The Debt Avalanche Method
In the Debt Avalanche Method, you pay off your debts by paying extra towards your debt with the highest interest rate. Once you have paid off the highest interest rate debt, you put the entire paid off debt’s payment plus the same extra amount towards the next highest until all debt is paid off.
For example, let’s say you have two debts: one at 20% interest rate, with a minimum payment of $200, and balance of $2,000, and the other debt with a 10% interest rate, a minimum payment of $150, and balance of $1,000. You decide you can put an extra $50 towards your debt a month.
Using the Debt Avalanche Method, you would put $250 towards the first debt and $150 to the second debt.
Over time, the first debt will be paid off faster than it would if you just paid the minimums. If the first debt is paid off before the second, then you put all $250 towards the second debt, for a total of $400 a month, until the second debt is paid off.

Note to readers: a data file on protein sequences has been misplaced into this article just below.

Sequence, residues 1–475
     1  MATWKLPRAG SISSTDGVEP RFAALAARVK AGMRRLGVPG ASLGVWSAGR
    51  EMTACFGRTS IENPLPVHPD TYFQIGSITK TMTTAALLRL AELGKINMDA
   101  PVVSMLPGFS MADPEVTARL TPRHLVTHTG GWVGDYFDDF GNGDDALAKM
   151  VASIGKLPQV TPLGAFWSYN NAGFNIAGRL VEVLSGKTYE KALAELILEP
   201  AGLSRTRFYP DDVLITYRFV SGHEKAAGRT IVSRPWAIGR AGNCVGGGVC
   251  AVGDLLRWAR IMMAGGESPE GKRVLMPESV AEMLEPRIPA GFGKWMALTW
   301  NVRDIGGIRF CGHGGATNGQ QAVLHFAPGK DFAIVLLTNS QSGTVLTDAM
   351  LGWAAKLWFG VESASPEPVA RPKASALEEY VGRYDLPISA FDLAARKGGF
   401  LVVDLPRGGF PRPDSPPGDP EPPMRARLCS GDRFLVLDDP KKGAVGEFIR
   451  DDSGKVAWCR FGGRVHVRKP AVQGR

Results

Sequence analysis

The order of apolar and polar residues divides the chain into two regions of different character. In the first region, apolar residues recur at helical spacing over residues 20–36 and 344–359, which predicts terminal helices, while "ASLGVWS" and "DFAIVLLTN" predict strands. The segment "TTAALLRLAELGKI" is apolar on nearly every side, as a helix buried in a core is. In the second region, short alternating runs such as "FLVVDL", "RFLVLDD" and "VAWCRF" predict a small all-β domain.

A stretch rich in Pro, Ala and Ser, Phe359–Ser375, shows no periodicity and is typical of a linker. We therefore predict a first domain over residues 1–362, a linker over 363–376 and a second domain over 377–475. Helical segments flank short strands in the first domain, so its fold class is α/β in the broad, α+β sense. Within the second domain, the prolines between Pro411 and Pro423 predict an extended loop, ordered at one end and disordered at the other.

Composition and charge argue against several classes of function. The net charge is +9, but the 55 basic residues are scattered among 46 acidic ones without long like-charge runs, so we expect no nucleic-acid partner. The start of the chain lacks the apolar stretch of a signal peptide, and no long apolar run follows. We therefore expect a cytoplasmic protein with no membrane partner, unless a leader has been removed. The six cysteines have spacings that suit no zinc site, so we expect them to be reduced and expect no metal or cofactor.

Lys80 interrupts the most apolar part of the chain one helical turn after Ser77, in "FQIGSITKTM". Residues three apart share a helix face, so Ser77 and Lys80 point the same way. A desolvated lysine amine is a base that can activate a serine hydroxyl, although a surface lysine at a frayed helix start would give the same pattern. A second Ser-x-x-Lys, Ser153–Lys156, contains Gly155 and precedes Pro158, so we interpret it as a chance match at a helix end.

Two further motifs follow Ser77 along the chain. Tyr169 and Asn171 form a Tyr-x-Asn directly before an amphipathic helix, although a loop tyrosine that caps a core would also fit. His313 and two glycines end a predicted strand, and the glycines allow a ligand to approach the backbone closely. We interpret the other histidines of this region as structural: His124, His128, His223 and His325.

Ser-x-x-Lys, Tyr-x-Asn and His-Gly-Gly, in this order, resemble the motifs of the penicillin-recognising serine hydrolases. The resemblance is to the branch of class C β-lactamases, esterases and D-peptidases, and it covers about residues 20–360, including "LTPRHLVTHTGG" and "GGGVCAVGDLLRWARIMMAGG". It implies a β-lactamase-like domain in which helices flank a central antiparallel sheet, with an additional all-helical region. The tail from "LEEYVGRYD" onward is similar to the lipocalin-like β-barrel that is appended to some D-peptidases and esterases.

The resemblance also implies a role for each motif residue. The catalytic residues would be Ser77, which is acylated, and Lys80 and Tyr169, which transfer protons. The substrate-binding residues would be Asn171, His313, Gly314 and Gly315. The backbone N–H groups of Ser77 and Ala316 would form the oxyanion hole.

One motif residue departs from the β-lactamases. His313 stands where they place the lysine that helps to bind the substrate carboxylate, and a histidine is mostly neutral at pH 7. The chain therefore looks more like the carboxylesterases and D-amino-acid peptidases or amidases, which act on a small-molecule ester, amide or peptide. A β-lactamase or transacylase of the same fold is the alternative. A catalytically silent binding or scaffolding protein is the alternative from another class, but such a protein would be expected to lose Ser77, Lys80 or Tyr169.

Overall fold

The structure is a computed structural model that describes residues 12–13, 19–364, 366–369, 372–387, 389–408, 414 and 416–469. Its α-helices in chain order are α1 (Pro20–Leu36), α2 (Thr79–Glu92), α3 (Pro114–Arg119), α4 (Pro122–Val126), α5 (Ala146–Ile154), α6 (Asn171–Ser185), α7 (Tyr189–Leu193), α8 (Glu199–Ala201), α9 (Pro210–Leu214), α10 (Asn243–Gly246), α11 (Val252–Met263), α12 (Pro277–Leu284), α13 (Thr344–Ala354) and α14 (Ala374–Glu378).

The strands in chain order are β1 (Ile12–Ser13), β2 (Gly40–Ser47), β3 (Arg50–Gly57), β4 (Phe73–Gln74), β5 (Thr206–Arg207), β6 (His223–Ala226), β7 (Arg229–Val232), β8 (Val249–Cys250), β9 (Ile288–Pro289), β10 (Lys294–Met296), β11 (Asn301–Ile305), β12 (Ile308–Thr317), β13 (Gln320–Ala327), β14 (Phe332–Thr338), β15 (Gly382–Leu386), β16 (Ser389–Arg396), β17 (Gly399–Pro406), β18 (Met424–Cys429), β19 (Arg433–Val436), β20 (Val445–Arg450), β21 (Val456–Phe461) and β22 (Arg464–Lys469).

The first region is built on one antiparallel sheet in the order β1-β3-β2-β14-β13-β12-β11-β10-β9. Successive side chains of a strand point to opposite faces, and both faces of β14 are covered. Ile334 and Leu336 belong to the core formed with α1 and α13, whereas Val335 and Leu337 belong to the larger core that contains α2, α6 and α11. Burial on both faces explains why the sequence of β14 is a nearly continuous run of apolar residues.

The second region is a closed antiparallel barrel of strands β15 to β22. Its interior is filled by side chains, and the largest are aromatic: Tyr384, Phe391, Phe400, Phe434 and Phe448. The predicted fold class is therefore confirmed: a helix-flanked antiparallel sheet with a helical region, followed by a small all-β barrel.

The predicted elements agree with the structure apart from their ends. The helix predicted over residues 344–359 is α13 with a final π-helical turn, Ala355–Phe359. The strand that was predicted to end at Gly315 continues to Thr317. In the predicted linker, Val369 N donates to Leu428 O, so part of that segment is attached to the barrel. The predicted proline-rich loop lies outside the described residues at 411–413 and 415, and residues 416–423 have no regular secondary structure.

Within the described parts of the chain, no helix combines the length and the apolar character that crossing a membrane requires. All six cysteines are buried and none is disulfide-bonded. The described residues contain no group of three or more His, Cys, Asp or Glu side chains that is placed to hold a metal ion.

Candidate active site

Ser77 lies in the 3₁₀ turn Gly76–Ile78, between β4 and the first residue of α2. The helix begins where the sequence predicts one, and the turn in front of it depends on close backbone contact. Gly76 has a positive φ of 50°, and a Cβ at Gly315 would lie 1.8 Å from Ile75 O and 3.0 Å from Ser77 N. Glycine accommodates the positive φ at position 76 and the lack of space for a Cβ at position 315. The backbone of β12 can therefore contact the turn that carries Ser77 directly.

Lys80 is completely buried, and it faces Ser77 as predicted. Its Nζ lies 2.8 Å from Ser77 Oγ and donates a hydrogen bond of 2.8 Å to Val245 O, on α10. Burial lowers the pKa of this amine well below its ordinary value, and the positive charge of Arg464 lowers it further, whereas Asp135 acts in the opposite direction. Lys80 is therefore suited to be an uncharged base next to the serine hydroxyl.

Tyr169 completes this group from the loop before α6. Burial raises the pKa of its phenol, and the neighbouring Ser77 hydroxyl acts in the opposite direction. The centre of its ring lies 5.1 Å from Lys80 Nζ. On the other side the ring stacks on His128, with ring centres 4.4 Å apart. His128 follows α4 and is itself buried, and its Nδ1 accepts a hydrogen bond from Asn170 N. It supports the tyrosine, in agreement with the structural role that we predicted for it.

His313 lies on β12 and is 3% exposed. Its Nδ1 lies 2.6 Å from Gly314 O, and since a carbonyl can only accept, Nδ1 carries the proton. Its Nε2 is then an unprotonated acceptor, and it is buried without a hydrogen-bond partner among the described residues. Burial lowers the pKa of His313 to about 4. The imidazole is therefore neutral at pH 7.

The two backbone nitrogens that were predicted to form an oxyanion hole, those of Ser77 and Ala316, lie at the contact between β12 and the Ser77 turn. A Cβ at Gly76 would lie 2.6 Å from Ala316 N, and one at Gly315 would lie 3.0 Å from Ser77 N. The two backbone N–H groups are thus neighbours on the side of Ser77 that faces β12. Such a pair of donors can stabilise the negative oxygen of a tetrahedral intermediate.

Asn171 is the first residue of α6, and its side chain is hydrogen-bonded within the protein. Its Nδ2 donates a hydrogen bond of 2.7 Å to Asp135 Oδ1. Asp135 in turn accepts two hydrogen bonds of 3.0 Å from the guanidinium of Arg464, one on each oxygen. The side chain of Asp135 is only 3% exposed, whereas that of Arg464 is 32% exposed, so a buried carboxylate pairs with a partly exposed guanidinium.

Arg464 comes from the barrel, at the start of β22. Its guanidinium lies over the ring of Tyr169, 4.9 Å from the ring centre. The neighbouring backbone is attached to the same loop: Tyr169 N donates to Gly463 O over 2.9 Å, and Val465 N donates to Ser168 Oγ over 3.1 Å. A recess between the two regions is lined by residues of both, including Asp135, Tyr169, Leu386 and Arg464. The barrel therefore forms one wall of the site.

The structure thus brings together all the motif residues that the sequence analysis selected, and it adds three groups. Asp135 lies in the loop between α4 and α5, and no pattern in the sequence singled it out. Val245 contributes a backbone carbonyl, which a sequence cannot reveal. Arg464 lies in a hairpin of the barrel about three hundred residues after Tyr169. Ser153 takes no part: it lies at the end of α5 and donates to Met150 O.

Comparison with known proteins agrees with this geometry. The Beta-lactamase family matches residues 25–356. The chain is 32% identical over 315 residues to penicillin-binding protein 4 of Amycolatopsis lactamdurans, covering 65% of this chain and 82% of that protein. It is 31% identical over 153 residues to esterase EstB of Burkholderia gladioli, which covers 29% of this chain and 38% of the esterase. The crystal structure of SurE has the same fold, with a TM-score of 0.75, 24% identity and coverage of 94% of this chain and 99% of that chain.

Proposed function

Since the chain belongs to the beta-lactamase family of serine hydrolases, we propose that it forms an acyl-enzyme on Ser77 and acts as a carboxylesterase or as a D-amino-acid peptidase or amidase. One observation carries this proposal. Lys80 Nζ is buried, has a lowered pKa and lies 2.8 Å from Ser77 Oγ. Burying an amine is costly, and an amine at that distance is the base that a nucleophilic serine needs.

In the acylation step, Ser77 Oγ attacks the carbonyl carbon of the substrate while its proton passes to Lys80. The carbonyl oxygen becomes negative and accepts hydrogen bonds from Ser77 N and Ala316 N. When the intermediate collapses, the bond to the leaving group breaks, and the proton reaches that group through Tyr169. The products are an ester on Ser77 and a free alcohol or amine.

The Debt Avalanche Method is the mathematically optimal debt pay down strategy.
The Debt Snowball Method
In the Debt Snowball Method, you pay off your debts by paying extra towards your smallest balance debt. Once you have paid off the smallest balance debt, you put that payment towards the next smallest until all debt is paid off.
Many people like the Debt Snowball Method because psychologically, you can see your debt accounts disappear. If you have an $1,000 loan and a $5,000 loan, it feels good to have the $1,000 loan gone.
Let’s go back to our example with two debts: one at 20% interest rate, with a minimum payment of $200, and balance of $2,000, and the other debt with a 10% interest rate, a minimum payment of $150, and balance of $1,000. Again, you will put an extra $50 towards your debt a month.